Cloud in a Jar Observation Booklet

Contributor
Kristen Smith via Teachers Pay Teachers
Type Category
Instructional Materials
Types
Activity
Note
This resource, vetted by NSTA curators, is provided to teachers along with suggested modifications to make it more in line with the vision of the NGSS. While not considered to be “fully aligned,” the resources and expert recommendations provide teachers with concrete examples and expert guidance using the EQuIP rubric to adapted existing resources. Read more here.

Reviews

Description

This free TeachersPayTeachers resource is a booklet that includes a KWL, observation pages, and writing activities about clouds to enrich "the cloud in a jar" activity. It does not include directions for making a cloud in a jar.

Intended Audience

Educator
Educational Level
  • Grade 2
  • Grade 1
  • Kindergarten
  • Early Elementary
  • Elementary School
  • Pre-Kindergarten
Language
English
Access Restrictions

Free access with user action - The right to view and/or download material without financial barriers but users are required to register or experience some other low-barrier to use.

Performance Expectations

K-ESS2-1 Use and share observations of local weather conditions to describe patterns over time.

Clarification Statement: Examples of qualitative observations could include descriptions of the weather (such as sunny, cloudy, rainy, and warm); examples of quantitative observations could include numbers of sunny, windy, and rainy days in a month. Examples of patterns could include that it is usually cooler in the morning than in the afternoon and the number of sunny days versus cloudy days in different months.

Assessment Boundary: Assessment of quantitative observations limited to whole numbers and relative measures such as warmer/cooler.

This resource was not designed to build towards this performance expectation, but can be used to build towards it using the suggestions provided below.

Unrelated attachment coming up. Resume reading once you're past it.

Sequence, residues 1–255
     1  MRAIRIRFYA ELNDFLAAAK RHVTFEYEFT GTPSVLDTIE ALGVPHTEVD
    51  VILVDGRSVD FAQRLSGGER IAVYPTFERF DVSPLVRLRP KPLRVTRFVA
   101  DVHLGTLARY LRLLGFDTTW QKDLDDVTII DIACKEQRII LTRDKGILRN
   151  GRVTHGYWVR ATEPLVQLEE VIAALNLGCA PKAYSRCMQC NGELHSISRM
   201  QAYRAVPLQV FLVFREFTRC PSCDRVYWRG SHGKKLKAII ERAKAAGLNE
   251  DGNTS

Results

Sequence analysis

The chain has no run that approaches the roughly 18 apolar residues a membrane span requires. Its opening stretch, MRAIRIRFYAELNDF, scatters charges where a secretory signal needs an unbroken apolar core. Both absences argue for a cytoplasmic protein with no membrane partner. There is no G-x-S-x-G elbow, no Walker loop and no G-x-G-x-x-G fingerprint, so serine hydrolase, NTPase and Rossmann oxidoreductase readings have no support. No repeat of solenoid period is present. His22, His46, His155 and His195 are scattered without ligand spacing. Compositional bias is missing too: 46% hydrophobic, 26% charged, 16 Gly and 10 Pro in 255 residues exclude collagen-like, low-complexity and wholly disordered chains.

Comments about Including the Performance Expectation
To meet the Performance Expectation, the teacher would need to" relate the "cloud in a jar" activity to local weather conditions. The instructor needs to provide some form of visual, i.e. book, video, local outdoor observations, or do the investigation of "cloud in a jar" in order to utilize the materials. A website that describes the "cloud in a jar" activity is www.kidspot.com.au/things-to-do/activities/how-to-make-a-cloud-in-a-jar.

Science and Engineering Practices

This resource was not designed to build towards this science and engineering practice, but can be used to build towards it using the suggestions provided below.

Comments about Including the Science and Engineering Practice
Students would need prior experiences observing local weather (specifically cloud types) to meet this Practice. Allow students to share their observations and drawings with one another and/or the class in order to fully address this practice.

Disciplinary Core Ideas

This resource was not designed to build towards this disciplinary core idea, but can be used to build towards it using the suggestions provided below.

Comments about Including the Disciplinary Core Idea
In order to meet the Disciplinary Core Idea, students would need to relate the "cloud in a jar" activity to local weather conditions. Local weather conditions would need to be measured and recorded over time. Use the cloud type KWL with students on multiple occasions while observing clouds outdoors in order to track and discuss changes over time, taking note of temperature and weather conditions at the time of the observations. When different types of clouds are observed the recording sheets in the booklet could be used.

Crosscutting Concepts

This resource was not designed to build towards this crosscutting concept, but can be used to build towards it using the suggestions provided below.

Comments about Including the Crosscutting Concept
In order to meet the Crosscutting Concept, students would need to relate the "cloud in a jar" activity to actual clouds. Cloud patterns over time would have to be observed and recorded. Use the recording sheets in this resource to record observations. Have students compare their recording sheets and identify patterns observed over time.

Resource Quality

  • Alignment to the Dimensions of the NGSS: The activity is limited in scope. It is grade-appropriate for K-2 and could be used as an introduction or follow-up to a complete weather unit. Students can observe clouds and use the recording sheets to show patterns to make sense of phenomena. The seller has a complete weather unit for sale on the same TPT website.

  • Instructional Supports: This activity is limited to an introduction or follow-up to a weather unit. In a full unit, students would need to investigate and explain relevant phenomena. The recording sheets and KWL chart provide opportunities for students to express, clarify, justify, interpret, and represent their ideas in written form as appropriate to support student’s three-dimensional learning.

  • Monitoring Student Progress: The student recording sheets could be used as an assessment to show that students understand that weather patterns that include cloud formation can be observed.

  • Quality of Technological Interactivity: There is no technology required for this resource.